In 1891, when this great writer wrote these lines in perfect Russian in his article “Iosif Shumlyansky… the Last Orthodox Bishop of Lvov”, such cynical politics still existed, everything remained as before. It’s true that Austrian occupation replaced Polish rule. However, the same methods remained in use. Indeed, they intensified them! All that happened was that such methods became more advanced and used more-modern modern techniques. Describing for the magazine Киевская старина (Kievskaya starina: Kievan Antiquity) the vicissitudes of the national and religious struggle in the 17th century, Ivan Yakovlevich didn’t even suspect that, during his lifetime, we’d witness the most brutal act of this drama… the systematic destruction of the “Russophiles” (Galicians who sympathised with Russia) by the Austrians during 1914-17. The names of the concentration camps at Talerhof and Terezín, where the Austrians carried out their crimes, belong in the Ukrainian mass consciousness, as Majdanek is for the Jews. Nevertheless, in the modern Ukraine you won’t find their names anywhere, you won’t find them in encyclopaedias or textbooks. They don’t fit into our unprincipled government’s propaganda myth of “civilised Europe” {apparently, this dates from the time of the pro-Western running dog Yushchenko: editor}. We ask, “Is the West different now?” However, it still goes on, as you can see!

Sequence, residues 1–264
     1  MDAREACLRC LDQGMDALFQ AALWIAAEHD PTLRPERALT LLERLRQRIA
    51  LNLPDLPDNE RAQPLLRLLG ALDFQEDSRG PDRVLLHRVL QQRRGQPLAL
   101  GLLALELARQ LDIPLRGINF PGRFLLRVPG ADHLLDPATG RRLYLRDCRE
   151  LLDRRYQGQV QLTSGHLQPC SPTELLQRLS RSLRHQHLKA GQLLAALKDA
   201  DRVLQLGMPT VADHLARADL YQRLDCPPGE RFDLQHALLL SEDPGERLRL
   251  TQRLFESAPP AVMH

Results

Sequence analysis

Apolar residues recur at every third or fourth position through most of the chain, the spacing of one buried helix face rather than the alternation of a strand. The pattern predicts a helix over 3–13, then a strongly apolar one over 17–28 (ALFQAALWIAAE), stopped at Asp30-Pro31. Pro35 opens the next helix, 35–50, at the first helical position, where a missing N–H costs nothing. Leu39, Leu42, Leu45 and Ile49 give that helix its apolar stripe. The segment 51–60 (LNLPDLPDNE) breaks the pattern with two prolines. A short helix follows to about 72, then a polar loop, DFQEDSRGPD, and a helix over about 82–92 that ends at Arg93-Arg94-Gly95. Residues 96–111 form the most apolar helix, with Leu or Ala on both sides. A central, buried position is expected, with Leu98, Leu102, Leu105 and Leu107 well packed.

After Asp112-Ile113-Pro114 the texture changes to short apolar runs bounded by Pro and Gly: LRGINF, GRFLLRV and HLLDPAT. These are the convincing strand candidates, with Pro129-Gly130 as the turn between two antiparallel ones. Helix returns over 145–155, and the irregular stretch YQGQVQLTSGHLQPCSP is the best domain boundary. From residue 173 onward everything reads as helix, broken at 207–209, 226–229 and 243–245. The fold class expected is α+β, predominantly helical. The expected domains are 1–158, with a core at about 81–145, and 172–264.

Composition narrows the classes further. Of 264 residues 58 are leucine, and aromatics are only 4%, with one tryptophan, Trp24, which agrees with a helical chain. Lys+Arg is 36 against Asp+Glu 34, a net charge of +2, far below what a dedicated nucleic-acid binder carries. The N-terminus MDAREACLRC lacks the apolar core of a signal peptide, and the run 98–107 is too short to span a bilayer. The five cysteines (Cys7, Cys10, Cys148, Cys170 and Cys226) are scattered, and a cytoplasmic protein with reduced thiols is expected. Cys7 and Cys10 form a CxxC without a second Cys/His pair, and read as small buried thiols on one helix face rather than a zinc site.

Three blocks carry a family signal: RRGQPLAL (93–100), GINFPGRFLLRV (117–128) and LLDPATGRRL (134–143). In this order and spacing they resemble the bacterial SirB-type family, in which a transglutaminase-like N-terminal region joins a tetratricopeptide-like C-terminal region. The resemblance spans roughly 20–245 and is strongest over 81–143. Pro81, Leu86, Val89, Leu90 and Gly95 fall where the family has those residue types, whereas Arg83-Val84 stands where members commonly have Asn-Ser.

On the eve of World War I, Austria had from the end of the 18th century to “enlighten” what is now the Western Ukraine, they brought the principle of “divide and rule” to perfection. They whipped up Poles against Ukrainians… they egged on Ukrainians against Poles… and the Magyars didn’t like anybody. Moreover, the rulers of the Habsburg Empire considered it very sensible and in step with their higher public interest to foment discord between the different Ukrainian factions. On the one hand, they gave government subsidies to encourage the Shevchenko Scientific Society headed by Professor Grushevsky… for his works had a strong anti-Russian character. On the other hand, they kept police records of all those they suspected of showing even the slightest pro-Russian sympathies. Long before the World War I, the Austrian gendarmerie compiled detailed lists of the “politically unreliable”. However, they did it in the inimitable style of bureaucratic idiocy brilliantly lampooned in The Good Soldier Švejk. Special tables listed the names of the suspects, their marital status, and occupation; “Box 8” gave “more details of disloyalty or suspicion”. Such “crimes” included, “travels to Russia”, “supported Markov’s (Russophile party leader) candidacy for parliament”, or, simply, “Russophile”.